states and cities
- Albuquerque looks to the Internet to boost its public campaign financing program. "Public campaign financing in the city of Albuquerque is going digital. City council and mayoral candidates seeking public dollars to fund their campaigns must first amass a series of $5 contributions to qualify – and under former regulations, candidates had to collect those donations in person. But a 2019 rules update allows registered voters to make an electronic contribution through a pilot 'Clean Campaign Portal' unveiled Wednesday." (Government Technology)
- Lessons learned from the 2019 FOI Summit in Dallas, Texas. "The National Freedom of Information Coalition concluded its 2019 FOI Summit in Dallas recently. The annual two-day conference features presentations from open government experts and practitioners on trending open government issues in state and local public institutions. This year’s event also celebrated the 30-year anniversary of the summit and NFOIC. A diverse group of speakers and topics highlighted the sessions. Four new members were inducted into the State Open Government Hall of Fame. New features and formats were introduced, and selection of a new board president highlight the 2019 summit." (NFOIC)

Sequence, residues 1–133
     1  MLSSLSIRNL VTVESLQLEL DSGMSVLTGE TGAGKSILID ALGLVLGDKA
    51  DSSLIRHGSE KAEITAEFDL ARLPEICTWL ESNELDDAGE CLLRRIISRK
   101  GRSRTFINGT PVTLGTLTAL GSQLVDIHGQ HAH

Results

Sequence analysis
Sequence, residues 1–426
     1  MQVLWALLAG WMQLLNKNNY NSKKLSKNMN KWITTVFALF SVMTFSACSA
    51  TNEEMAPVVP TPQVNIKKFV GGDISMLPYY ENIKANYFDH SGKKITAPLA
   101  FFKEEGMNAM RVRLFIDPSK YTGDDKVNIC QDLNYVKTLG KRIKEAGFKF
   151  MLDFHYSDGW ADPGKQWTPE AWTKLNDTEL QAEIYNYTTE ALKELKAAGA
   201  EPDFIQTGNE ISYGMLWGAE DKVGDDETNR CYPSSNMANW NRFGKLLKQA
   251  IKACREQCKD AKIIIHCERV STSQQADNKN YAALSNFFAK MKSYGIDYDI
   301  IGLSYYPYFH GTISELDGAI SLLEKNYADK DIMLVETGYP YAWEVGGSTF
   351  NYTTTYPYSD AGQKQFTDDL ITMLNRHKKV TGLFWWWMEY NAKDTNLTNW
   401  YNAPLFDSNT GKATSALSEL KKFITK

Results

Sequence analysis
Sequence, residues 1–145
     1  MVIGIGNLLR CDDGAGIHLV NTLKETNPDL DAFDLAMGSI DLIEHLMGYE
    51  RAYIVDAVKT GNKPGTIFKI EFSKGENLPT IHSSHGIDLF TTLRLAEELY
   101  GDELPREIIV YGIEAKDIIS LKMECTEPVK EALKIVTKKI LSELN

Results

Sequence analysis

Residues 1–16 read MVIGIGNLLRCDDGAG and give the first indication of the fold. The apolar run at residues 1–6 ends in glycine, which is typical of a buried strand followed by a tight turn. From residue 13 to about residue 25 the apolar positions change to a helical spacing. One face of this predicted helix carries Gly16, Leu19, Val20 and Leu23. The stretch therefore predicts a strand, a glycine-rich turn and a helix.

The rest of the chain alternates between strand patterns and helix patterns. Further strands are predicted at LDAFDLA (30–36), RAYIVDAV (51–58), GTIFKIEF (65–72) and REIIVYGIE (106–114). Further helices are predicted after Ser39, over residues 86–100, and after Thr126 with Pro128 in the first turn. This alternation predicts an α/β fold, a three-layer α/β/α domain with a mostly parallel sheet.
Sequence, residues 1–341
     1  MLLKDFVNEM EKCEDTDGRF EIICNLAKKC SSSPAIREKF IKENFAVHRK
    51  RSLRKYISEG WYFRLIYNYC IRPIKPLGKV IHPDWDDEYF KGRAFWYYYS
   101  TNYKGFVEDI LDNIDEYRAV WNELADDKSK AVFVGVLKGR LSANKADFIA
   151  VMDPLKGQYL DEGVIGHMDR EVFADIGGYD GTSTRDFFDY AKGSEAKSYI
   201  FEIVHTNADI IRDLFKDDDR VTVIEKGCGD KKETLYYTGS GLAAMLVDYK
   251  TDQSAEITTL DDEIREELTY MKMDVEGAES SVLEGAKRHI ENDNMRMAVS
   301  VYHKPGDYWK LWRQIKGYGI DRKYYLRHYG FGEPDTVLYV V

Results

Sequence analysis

- This Vermont city is exploring if blockchain can be used to boost civic engagement. "How could mobile devices, blockchain, the Internet of Things and artificial intelligence make local government more representative? Toronto-based AI company Consensus AI sees in these technologies the potential for local, virtual town halls, and it has enlisted the help of South Burlington, Vt., in a pilot project to create one." (Government Technology)